In its joint letter of June 1, 2018, the American Academy of Pediatrics and the American College of Obstetricians and Gynecologists wrote that “The proposed rule would drastically and incorrectly limit the types of scientific data that EPA can use when making substantial regulatory changes. Implementing this rule will harm the health of children and pregnant women by causing EPA to disregard some of the best available scientific studies examining the effects on these vulnerable populations from lead, harmful chemicals, fine particle pollution, and contaminants.”

The American Public Health Association, Physicians for Social Responsibility, and a host of other public interest organizations jointly called on the agency to withdraw the rule, noting that it “significantly departs from long-standing policy at EPA and is inconsistent with well-established practices used throughout the scientific community.”

And in a May 8, 2018, letter, 300 public health scientists and professionals noted that “If finalized, the proposed rule could place unprecedented limits on the use of scientific evidence by EPA. These limits will in turn shape the development of evidence-based public health policies including air pollution standards, drinking water regulations, pesticide tolerances, worker protections, and more.”

As public health professionals with years of experience in academia, government, and the non-profit sector, we have witnessed political interference and shifting tides on core policy issues across both Democratic and Republican administrations. But EPA’s newly proposed restrictions on the body of scientific evidence it will consider in its regulatory decision making is a fundamental threat to public health, and it will seriously erode the agency’s ability and responsibility to protect it.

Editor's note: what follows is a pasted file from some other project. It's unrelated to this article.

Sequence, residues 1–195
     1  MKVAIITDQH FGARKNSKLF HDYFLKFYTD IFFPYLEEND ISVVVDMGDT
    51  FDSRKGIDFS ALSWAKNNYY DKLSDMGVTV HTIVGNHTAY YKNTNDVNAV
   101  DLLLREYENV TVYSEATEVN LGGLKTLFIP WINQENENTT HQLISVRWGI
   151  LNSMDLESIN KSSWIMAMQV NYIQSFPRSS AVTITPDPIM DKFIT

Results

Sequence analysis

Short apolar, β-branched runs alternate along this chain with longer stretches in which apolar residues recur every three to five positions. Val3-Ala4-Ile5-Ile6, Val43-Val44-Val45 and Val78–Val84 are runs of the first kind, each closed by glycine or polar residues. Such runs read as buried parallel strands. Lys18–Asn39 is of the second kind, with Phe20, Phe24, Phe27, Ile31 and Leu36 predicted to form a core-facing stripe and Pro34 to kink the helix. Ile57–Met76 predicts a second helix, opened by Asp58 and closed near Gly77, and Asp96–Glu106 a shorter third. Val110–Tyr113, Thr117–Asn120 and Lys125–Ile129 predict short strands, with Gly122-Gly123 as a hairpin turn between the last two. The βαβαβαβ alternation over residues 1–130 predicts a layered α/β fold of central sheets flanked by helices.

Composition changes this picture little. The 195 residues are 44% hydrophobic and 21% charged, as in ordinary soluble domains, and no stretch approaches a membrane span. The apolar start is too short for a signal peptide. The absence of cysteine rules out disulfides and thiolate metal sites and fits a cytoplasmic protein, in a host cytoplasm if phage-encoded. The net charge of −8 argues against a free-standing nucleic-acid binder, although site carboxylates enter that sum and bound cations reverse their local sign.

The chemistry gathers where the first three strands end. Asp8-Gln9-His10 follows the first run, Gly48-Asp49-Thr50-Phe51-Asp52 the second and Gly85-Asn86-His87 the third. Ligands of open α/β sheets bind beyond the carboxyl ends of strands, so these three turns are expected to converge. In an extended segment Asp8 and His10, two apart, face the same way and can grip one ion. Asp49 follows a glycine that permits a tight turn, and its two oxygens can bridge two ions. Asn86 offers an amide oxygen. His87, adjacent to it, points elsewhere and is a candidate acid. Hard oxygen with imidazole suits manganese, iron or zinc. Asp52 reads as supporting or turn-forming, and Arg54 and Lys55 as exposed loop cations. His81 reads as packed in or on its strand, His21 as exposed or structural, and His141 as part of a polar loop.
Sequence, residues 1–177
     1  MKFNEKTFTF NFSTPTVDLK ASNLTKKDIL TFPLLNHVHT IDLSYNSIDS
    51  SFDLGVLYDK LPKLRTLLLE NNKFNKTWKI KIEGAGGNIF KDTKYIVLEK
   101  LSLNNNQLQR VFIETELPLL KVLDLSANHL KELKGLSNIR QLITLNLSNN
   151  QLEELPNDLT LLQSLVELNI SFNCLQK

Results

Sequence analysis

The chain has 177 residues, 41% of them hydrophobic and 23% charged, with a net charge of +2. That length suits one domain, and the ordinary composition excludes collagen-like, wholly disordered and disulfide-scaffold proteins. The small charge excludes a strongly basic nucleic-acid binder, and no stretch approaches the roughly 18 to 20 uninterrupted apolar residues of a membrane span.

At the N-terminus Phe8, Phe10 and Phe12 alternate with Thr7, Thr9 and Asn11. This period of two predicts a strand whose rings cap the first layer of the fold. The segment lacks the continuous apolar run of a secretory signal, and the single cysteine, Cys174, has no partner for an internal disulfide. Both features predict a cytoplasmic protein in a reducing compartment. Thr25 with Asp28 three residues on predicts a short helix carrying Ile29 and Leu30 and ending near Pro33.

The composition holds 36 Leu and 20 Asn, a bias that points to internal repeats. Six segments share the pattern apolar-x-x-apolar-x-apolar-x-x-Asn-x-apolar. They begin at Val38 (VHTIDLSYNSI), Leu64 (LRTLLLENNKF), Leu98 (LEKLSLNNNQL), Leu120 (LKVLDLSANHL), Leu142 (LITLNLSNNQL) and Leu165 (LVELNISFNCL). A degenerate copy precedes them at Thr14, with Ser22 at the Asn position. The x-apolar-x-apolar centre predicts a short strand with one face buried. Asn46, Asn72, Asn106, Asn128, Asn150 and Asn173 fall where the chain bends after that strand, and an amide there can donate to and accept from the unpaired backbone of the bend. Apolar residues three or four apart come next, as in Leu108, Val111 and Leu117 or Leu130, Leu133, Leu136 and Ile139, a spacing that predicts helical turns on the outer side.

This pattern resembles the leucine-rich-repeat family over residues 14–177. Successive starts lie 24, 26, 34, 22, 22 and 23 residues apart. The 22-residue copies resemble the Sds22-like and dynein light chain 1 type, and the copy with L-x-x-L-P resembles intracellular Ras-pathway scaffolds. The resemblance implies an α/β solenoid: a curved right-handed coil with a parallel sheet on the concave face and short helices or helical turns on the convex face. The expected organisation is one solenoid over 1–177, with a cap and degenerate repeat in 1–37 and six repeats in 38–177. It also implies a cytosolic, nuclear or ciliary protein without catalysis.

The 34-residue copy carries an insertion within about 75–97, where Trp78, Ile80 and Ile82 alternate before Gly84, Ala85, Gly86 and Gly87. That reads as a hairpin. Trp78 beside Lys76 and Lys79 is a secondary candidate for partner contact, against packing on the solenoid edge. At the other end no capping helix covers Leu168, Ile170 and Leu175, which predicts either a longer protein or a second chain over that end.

Make your voice heard by submitting comments on the proposed rule via Regulations.gov to docket EPA-HQ-2018-0259 by August 16, 2018. This proposal is a dangerous threat to your health.

This post originally appeared in Scientific American.  It was co-authored by Kathleen Rest, PhD, executive director of the Union of Concerned Scientists, and Georges C. Benjamin, MD, executive director of the American Public Health Association

Trump Administration Declares Poverty is Over, We Can All Go Home Now

Photo: Michael Vadon/CC BY SA 4.0

Picture it: The loading dock of the city’s largest food bank is shrouded in silence. Pallets of food are stacked inside, draped with cobwebs, waiting for volunteers who will never come to unload them. The food bank is now a relic of a bygone era—when people befallen by any number of ills needed help feeding their families. From a window above, a boy’s face appears. “Haven’t you heard?” he shouts. “Poverty is over!”

Okay, okay—I know this is absurd. But does the Trump administration?